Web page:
In this ongoing series, Crain’s Twin Cities asks executives, entrepreneurs and business leaders about mistakes that have shaped their business philosophy.
Marcus Fischer is CEO of Carmichael Lynch, a Minneapolis–based advertising agency that handles creative, production, brand planning, public relations, social media services and media buying and planning. Recent clients include Subaru, U.S. Bank, Jack Link’s, GNC and Conoco.
The biggest mistake I made happened at the beginning of my career, which I started in brand planning. I was working for a big client, and we had this piece of consumer insight. Everything about it was right, and in my bones, I knew it. Everyone we talked to said it was right; it was one of those pieces I felt really good about.
Even everyone we talked to within the client organization said, “We get it, we get it, we get it.” But then, after we presented to the executive board, they said, “You know, it’s a good insight, and you’re right—but I can’t sell it to the board. It doesn’t help drive business right now.”
It kind of crushed me. It was such a lesson to me that even nowadays we talk about the difference between building a brand and making a quarter. That single event is one I reflect on a lot.
You first have to understand your clients’ businesses and how they make money, and then come the consumers. The key is knowing all sides of the business versus just one side.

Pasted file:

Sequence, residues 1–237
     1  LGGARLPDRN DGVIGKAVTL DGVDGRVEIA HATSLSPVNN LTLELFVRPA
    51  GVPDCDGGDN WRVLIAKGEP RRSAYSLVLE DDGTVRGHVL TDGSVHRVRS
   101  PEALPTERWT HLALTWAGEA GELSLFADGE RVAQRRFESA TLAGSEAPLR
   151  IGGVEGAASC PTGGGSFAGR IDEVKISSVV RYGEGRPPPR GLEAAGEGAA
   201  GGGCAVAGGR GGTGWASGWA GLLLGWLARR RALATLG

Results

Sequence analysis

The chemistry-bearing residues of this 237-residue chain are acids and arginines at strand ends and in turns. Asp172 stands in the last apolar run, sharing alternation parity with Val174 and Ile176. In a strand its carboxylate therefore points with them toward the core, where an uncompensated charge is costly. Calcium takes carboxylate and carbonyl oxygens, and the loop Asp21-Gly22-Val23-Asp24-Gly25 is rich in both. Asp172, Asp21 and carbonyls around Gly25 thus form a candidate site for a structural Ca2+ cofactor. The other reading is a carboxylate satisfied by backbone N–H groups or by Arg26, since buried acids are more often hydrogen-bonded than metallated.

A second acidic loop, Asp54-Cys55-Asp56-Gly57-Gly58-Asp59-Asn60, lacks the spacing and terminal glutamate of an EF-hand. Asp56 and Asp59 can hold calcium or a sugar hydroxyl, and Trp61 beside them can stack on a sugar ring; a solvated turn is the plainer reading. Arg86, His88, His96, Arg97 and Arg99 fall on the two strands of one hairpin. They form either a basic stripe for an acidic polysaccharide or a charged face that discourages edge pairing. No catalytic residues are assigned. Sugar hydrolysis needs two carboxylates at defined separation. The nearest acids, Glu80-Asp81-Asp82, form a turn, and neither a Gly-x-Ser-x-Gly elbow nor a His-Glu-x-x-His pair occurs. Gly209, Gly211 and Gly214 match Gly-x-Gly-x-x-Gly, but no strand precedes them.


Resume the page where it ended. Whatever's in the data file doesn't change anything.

When I came up using one discipline, that discipline always led. Part of my growth has been learning that being right in one capacity is different than being right in all of them.
At the very beginning, when you start talking to clients, don’t assume you know what their goals and desires are. The first question I ask [a client] is, “Tell me what your key performance indicators are.”
Some KPIs may be about building the brand: intent, opinions, social sentiment and so on. And some KPIs may focus on how to make the company’s quarter, and those will be financially driven or ratio driven. It’s not an either-or.
When you can build a brand for the long-term and also make quarterly numbers, it allows you to think about using marketing as a cause-driven impact in the community. And that’s kind of the gold standard of where people want to be.
Read the full article at Crain’s Twin Cities.